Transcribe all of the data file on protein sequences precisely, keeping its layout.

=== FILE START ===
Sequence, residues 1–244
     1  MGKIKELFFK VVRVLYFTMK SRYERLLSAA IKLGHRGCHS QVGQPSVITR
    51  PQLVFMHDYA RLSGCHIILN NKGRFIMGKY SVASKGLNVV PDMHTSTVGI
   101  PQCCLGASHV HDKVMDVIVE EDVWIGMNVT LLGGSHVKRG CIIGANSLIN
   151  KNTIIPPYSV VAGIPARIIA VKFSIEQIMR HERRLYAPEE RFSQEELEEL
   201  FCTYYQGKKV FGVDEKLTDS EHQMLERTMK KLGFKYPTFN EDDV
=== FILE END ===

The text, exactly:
Sequence, residues 1–244
     1  MGKIKELFFK VVRVLYFTMK SRYERLLSAA IKLGHRGCHS QVGQPSVITR
    51  PQLVFMHDYA RLSGCHIILN NKGRFIMGKY SVASKGLNVV PDMHTSTVGI
   101  PQCCLGASHV HDKVMDVIVE EDVWIGMNVT LLGGSHVKRG CIIGANSLIN
   151  KNTIIPPYSV VAGIPARIIA VKFSIEQIMR HERRLYAPEE RFSQEELEEL
   201  FCTYYQGKKV FGVDEKLTDS EHQMLERTMK KLGFKYPTFN EDDV